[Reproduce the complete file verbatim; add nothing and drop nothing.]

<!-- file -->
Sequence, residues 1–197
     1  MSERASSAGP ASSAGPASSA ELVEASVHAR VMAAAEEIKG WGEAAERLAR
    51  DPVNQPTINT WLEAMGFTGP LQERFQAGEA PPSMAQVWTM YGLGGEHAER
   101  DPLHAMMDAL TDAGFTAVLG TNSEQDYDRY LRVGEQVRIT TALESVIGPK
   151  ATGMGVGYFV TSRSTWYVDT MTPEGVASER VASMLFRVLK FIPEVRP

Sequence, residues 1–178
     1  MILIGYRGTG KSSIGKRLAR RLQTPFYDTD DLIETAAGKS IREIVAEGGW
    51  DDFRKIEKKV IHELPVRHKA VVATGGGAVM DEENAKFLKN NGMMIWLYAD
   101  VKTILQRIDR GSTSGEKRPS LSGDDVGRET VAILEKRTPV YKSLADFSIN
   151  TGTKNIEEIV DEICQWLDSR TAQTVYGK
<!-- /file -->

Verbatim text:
Sequence, residues 1–197
     1  MSERASSAGP ASSAGPASSA ELVEASVHAR VMAAAEEIKG WGEAAERLAR
    51  DPVNQPTINT WLEAMGFTGP LQERFQAGEA PPSMAQVWTM YGLGGEHAER
   101  DPLHAMMDAL TDAGFTAVLG TNSEQDYDRY LRVGEQVRIT TALESVIGPK
   151  ATGMGVGYFV TSRSTWYVDT MTPEGVASER VASMLFRVLK FIPEVRP

Sequence, residues 1–178
     1  MILIGYRGTG KSSIGKRLAR RLQTPFYDTD DLIETAAGKS IREIVAEGGW
    51  DDFRKIEKKV IHELPVRHKA VVATGGGAVM DEENAKFLKN NGMMIWLYAD
   101  VKTILQRIDR GSTSGEKRPS LSGDDVGRET VAILEKRTPV YKSLADFSIN
   151  TGTKNIEEIV DEICQWLDSR TAQTVYGK